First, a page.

Are you keen to be better known and respected in your field of expertise? Have you wondered how seemingly ordinary folks — policeman, plumbers, teachers and housewives — have risen to become well known household names?
If you do, consider adopting the principles written by Marsha Friedman in Celebritize Yourself: The 3-Step Method To Increase Your Visibility and Explode Your Business. So what are the three steps? They are:
Written in simple plain English with a direct “DIY” style, Celebritize Yourself outlines the benefits of being a celebrity, describes how one should publish a book to establish credibility in any field, and elaborates on the publicity generating process. Backed by Friedman’s own experience as a seasoned PR consultant, the slim volume narrates the whos, whys, whats, whens and hows of achieving personal limelight.
To reinforce learning, salient points for key ideas are summarised into factoids. Examples of these are:
- “Opportunity has no birth date, though it most definitely has an expiration date.”
- “For your book to become your marketing tool, you must become the architect – the carpenter, if you will – of your very own celebrity.”
- “Your message is what will define you.”
The first three chapters of Celebritize Yourself adopts an introspective “why should I be doing this” approach. Peppered with examples from the real and “reel” worlds, Friedman highlights the pros and cons of stardom, helps us to identify how we can change the world, encourages us to determine our weaknesses, and provide tips on how we can make transform ourselves accordingly.
With the foundation in place, the book next elaborates on the book writing and publishing process (hint: you don’t have to do it all yourself) and strategies on generating publicity. From the local presses to nationwide TV, Friedman shares that the way to secure an interview is to be entertaining, informative and motivating. We’re also told about the importance of having a good sound bite and how this makes all the difference — in fact, the book is chock-full of them on every page!
In the final three chapters or so of the book, Friedman dives more deeply into the nuts and bolts of the business of fame. Here, we’re taught about the process of newsmaking and why different approaches are needed for radio, TV and print media like newspapers, magazines and websites. To clarify our journey, we’re also asked a series of questions, namely:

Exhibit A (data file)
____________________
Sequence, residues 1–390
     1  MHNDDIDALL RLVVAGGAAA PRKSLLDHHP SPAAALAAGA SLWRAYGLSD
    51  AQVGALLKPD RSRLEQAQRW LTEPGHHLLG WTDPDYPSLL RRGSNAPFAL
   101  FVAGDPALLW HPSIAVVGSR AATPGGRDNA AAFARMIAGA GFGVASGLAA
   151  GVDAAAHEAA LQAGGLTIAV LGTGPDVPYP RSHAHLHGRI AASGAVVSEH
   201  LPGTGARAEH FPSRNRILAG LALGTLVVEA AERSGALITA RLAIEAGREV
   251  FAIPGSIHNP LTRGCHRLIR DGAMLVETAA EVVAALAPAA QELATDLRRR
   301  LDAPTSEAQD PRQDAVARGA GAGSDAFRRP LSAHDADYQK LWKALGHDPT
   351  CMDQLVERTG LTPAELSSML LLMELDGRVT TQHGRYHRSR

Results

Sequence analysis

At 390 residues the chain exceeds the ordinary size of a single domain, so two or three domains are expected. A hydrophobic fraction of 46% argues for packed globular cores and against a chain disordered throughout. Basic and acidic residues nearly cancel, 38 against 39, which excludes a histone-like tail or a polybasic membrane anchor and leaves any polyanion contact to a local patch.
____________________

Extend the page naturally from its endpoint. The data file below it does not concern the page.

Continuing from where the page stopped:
1) What’s Your Vision for Celebrity?
2) What is Your Commitment to Your Vision?
3) What is Your Own Unique Message?
4) Why Does Your Message Appeal to You?
5) Why Will Your Message Appeal to Others?
6) Who’s Your Target Audience?
7) What’s Your Plan for Celebrity?
8) When Will You Start?
9) Have You Picked the Right Teammates?
10) How Will You Measure Success?
11) How Did You Score?
With its target set on lay readers who may be doctors, chefs, insurance agents, or anybody with an area of specialisation, the book is more heavily slanted towards personal motivation than management methodology. As a seasoned PR practitioner, I find that much of the book’s publicity tips are fairly commonsensical. You can probably find most of these strategies if you surf article websites and blogs widely and deeply enough.
Having said that, I like the optimistic (almost bouncy) way in which Friedman paints the picture of personal profile building. Personal branding, publishing and PR strategies are presented in a refreshingly straightforward manner without the usual marketing speak. With the proliferation of personal profiles and in the age of “Me Media”, building one’s star status becomes more important than ever before, and Friedman’s book provides a good road map of the way ahead.
[Images courtesy of Celebritize Yourself]